The Manchester package includes:

* Responsibility for re-regulated bus services and integrated ‘smart ticketing’ across all local modes of transport.

* An enhanced ‘earn back’ deal – keeping £1m a year from economic growth, to fund an extension to the Metrolink tram network.

* Police powers – with the abolition of the elected police and crime commissioner (PCC).

* Control of a £300 million ‘housing investment fund’.

* Power over business support services – including manufacturing advice and UK Trade and Investment (UKTI) export advice.

* Power to develop a plan to integrate health and social care.

A Government source said:

Who do the voters sack if something goes wrong? City-region mayors answer that.

“So we can obviously go further for cities that are able to step up to the accountability challenge.”

Source – Northern Echo,  04 Nov 2014

Families stage ‘messy march’ against Sure Start cuts in Newcastle

Families staged a ‘messy march’ in Newcastle against cuts that could see a £5m reduction in funding for Sure Start Children’s Centres.

The figure amounts to about a 65% of the total budget for the service.

Protesters say if the proposal went through it could mean the city’s most vulnerable families would be left without childcare and vital support.

A series of themed protests – including a ‘teddy bear’s picnic’ – have been staged in recent weeks, and organiser Vanessa Cutter, 32, explained the thinking around Saturday’s event at Grey’s Monument.

The mum-of-three of Fenham, Newcastle, said:

A messy march is a child centred protest march where children do what they do best – make a mess and be noisy.

“It serves several purposes – we want to show the council that we are willing to take action, demonstrate and fight against their proposed 65% cuts to Sure Start services.

“We want to show them that if they close two thirds of centres then the city’s children will have nowhere to go.

“The council seems keen to invest lots of money in businesses and the city centre, but if that comes at the cost of children’s services then we will have to play in the areas they do invest in.”

All of Newcastle’s 20 Sure Start centres are now up for review as city councillors iron out their final budget proposals for the year 2014/2015.

Many councils across the North are struggling to make similar savings – or cuts – including Middlesbrough.

Mayor Ray Mallon announced in January £14.9m of cuts – in addition to more than £40m removed from the council’s budget over the last three years – will lead to the loss of around 300 jobs. Amongst departments are children’s services.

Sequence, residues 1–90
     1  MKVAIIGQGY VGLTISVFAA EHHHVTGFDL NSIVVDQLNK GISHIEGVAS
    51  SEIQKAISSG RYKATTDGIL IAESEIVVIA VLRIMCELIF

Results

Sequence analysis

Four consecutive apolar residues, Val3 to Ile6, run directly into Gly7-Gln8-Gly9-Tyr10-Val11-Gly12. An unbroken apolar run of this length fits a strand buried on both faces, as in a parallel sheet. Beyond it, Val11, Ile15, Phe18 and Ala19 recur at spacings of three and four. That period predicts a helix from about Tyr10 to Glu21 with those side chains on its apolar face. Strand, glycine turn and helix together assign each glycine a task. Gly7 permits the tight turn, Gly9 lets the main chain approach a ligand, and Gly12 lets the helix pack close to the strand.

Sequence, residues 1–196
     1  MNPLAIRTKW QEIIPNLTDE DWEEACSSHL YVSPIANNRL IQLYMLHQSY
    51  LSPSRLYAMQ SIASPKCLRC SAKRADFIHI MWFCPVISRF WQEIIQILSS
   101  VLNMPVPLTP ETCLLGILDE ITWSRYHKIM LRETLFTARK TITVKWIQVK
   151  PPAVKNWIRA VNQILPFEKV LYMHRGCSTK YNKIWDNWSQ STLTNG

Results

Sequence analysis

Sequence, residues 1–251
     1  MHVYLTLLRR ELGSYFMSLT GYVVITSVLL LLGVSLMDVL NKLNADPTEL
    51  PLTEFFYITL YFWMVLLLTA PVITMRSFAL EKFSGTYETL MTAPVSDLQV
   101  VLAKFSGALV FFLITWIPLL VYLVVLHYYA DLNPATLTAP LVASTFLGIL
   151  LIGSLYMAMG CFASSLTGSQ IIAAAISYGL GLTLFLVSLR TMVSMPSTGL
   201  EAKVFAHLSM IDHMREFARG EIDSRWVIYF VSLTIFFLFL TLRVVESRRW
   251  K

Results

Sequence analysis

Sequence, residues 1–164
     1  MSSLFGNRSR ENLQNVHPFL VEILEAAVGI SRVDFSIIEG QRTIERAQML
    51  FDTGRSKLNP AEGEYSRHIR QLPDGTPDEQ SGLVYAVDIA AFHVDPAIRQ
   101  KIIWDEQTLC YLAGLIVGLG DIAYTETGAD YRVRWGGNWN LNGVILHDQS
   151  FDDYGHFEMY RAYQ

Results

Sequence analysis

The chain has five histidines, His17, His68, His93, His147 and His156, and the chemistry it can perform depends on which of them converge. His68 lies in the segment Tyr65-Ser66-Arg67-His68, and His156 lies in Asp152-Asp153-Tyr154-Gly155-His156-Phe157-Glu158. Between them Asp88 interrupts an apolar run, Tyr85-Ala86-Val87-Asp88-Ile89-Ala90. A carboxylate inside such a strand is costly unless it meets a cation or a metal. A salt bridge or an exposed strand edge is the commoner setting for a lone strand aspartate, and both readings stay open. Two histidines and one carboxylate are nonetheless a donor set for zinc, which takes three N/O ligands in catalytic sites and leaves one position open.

Sure Start was a Labour flagship policy from 1998, its aim was “giving children the best possible start in life” through improvement of childcare, early education, health and family support, with an emphasis on outreach and community development.

In Newcastle 50% of the services are delivered by the council and 50% by the Community and Voluntary Sector. The city council has estimated for the work it directly delivers, the cuts will equate to the loss of 63 full time equivalent posts.

The protestors say the proposals, if carried out, will see the budget slashed by £5m by 2016. This would mean the closure of services, buildings, parents groups and activities for children aged under five across the city.

Mum-of-two Anna Snaith, 28, of Heaton said:

“I am very upset that two out of three options for the future of services in my area include completely closing down the Ouseburn Family Centre which I regularly attend.

“The team there are fantastic and offer so much support to parents as well as children in a wide range of areas. The centre, like all Sure Start centres, promote health and well being for all families which is vital for communities. These services are the future for our children therefore I cannot understand how closing down any of them can be an option at all for our council!”

A council spokesman said previously:

“The city council is facing a considerable financial challenge, to find £100m in savings between 2013 and 2016.

“We share people’s concerns about the future of our Sure Start centres – they provide an important and well-loved service to families across the city – but the severity of the cuts leaves us with no choice but to consider further reductions.

“Nothing has been decided yet and we will be asking people to have their say with a big public consultation in September.”

Source –  Newcastle Journal, 13 Sept 2014

Real terms cut in public health budgets announced

Spending on public health in the region will be cut next year, it was announced yesterday (Tuesday, September 9) – despite Government promises to protect the NHS.

The amounts given to local councils – for services such as smoking cessation classes, obesity clinics, school nurses and drug and alcohol treatments – will be frozen.

The Department of Health admitted that meant a cut in real terms, after inflation, but said it was necessary because “the health budget is under a lot of pressure”.

Furthermore, it comes after cash-starved town halls have already been accused of raiding their public health budgets as they wrestle with huge cuts to their overall funds.

The cut was revealed in a statement to MPs, which announced that public health funding in 2015-16 would “remain the same as last year, at £2.79bn”.

It means County Durham will continue to receive £45.8m from next April. Other frozen allocations include Darlington (£7.8m), Middlesbrough (£16.4m) Stockton (£13.1m) and North Yorkshire (£19.7m).

In response to The Northern Echo, a department of health spokeswoman acknowledged:

This is a flat cash settlement – so it’s a real terms decrease.